I am a political scientist whose research and teaching focus on international security, conflict, and governance. Currently, I am an Assistant Professor in the Department of Political Science at Northern Illinois University. Previously, I was a research fellow at the Chicago Project on Security and Terrorism at the University of Chicago and at the Harvard Kennedy School's Belfer Center for Science and International Affairs. I received my Ph.D. from The Fletcher School of Law and Diplomacy at Tufts University and my B.A. from Middlebury College. 

My research examines the range of contentious global politics from nonviolent resistance movements to interstate war. My book manuscript, Between Mao and Gandhi: Strategies of Violence and Nonviolence in Revolutionary Movements, investigates variation in the strategic behavior of groups seeking to capture state power. Findings from my research were featured on the Australian Broadcasting Corporation's "Big Ideas" radio program. Previous work has been published in Small Wars and Insurgencies, the Journal of Public and International Affairs, and al-Naklah, and has been supported by the Smith Richardson Foundation, the Program on Negotiation, the Eisenhower Institute, and the Bradley Foundation.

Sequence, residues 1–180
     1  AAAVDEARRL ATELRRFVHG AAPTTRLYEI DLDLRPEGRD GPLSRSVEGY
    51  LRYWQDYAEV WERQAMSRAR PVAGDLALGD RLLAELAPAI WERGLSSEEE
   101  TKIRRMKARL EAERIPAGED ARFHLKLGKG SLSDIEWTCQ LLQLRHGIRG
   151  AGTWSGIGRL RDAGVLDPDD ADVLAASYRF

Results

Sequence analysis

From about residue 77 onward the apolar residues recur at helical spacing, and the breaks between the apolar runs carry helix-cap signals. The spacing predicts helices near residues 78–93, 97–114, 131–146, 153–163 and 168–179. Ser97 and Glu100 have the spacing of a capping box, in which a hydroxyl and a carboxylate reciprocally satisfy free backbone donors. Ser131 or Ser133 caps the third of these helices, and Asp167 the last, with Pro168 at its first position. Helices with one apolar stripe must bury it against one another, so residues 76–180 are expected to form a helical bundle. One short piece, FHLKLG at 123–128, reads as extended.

Prior to entering academia, I worked as a foreign and defense policy aide in the U.S. House of Representatives, a legislative assistant in the Vermont State Senate, and a public affairs intern at the U.S. Embassy in Doha, Qatar. In my free time, I enjoy cross-country skiing, mountain biking, and hiking.